You may seem more toned and trim.
Going no-carb usually makes people think their new diet worked instantly since they look a little slimmer in the mirror. But don’t be fooled, this is just water weight. “A normal diet with carbohydrates allows you to store carbohydrate as glycogen in the liver and muscles,” says Laura Cipullo, a Registered Dietitian and certified diabetes educator. “The body uses this storage form of sugar in between meals and when exercising. When you store [that form of] sugar as glycogen, you store it with water. If these reserves are used, your muscles lose hydration, making you appear more toned and thin.”
Your bodyweight, however, will probably stay about the same (assuming you haven’t changed anything else about your diet). “If calories remain the same, and you weren’t losing weight before, you won’t start losing weight now just because of swapping out carbs for fats or proteins,” says Mike Gorski, an RD and fitness trainer.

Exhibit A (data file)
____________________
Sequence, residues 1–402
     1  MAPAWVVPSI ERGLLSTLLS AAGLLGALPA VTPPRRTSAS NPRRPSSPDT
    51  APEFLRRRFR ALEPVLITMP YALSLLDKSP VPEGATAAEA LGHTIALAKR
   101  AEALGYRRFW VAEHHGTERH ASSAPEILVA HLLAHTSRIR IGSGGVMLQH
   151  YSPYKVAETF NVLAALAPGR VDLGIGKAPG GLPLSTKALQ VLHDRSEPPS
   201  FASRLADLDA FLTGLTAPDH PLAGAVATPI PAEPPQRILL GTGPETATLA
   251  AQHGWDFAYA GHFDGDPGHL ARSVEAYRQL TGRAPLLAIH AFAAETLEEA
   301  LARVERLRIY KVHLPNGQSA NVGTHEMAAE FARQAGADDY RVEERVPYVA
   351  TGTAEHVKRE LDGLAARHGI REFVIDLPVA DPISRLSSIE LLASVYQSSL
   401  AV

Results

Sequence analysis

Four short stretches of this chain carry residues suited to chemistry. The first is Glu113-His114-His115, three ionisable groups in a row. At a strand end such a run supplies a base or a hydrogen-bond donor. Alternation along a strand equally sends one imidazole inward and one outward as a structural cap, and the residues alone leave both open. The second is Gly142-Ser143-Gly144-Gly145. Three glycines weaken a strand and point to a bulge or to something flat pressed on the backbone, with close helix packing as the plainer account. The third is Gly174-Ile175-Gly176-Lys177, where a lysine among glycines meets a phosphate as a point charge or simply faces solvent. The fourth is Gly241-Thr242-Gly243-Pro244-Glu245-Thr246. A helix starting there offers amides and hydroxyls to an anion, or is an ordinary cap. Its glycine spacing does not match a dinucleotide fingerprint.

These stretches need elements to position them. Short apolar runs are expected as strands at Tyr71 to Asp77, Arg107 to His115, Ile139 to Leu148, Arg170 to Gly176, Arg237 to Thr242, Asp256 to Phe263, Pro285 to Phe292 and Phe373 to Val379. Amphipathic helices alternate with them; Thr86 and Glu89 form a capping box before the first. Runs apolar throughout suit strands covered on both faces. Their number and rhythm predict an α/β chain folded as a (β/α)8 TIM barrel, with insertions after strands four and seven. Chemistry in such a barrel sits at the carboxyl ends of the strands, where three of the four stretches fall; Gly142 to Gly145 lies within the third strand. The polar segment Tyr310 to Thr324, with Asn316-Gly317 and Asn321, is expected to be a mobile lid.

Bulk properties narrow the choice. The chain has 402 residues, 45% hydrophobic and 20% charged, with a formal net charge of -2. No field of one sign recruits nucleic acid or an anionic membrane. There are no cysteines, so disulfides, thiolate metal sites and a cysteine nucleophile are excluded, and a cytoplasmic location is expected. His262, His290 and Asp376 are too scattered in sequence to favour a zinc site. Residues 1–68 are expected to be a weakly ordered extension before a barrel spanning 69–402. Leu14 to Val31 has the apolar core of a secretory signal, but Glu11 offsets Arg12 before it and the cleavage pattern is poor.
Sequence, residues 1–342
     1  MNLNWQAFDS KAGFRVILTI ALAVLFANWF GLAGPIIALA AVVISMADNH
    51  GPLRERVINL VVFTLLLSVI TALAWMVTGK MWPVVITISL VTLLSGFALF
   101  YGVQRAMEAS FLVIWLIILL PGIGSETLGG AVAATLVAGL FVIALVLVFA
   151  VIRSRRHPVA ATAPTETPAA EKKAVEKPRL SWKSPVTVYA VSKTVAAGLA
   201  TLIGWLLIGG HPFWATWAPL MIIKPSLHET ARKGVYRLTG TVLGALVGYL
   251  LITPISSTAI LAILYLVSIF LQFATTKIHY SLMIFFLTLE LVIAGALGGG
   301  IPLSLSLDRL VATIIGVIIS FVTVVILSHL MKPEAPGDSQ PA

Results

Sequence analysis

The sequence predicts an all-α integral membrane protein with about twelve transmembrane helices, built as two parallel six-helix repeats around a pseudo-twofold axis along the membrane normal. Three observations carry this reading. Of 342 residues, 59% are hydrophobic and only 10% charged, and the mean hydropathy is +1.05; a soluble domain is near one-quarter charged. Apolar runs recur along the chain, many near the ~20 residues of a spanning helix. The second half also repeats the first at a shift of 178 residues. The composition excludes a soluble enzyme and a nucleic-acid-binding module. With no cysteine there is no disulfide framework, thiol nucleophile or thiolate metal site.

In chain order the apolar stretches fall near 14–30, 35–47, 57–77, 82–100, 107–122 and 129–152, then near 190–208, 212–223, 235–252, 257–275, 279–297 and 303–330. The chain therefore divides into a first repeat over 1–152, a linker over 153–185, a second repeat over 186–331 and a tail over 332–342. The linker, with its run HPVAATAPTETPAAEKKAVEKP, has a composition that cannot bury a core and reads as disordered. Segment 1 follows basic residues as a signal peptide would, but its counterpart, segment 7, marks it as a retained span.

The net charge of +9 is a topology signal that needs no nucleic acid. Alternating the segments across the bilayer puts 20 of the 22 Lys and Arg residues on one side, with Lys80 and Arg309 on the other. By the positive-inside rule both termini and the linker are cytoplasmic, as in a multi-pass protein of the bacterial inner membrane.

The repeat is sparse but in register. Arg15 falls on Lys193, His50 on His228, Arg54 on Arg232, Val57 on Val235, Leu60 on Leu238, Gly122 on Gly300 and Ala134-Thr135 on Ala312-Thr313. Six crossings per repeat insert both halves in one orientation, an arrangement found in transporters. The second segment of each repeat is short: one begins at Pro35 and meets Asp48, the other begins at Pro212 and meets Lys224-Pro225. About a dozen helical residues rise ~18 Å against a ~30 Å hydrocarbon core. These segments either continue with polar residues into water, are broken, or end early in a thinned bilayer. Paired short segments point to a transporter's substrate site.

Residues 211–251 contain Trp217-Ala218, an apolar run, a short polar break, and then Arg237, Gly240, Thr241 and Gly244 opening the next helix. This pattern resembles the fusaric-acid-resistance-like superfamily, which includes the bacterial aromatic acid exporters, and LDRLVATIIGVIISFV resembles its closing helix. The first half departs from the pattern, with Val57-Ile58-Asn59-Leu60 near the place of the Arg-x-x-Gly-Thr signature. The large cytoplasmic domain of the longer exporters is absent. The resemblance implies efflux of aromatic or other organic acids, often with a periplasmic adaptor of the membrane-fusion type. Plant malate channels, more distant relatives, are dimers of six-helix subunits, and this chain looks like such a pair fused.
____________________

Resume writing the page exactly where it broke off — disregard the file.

“When calories are cut significantly for the intention of weight loss, metabolism usually drops too, leading to a plateau, then weight regain,” says Amanda Bontempo, an RD with a Master of Science degree in medical nutrition therapy. Basically, your metabolism is dependent on the quality of food you consume, but calories are what really count.
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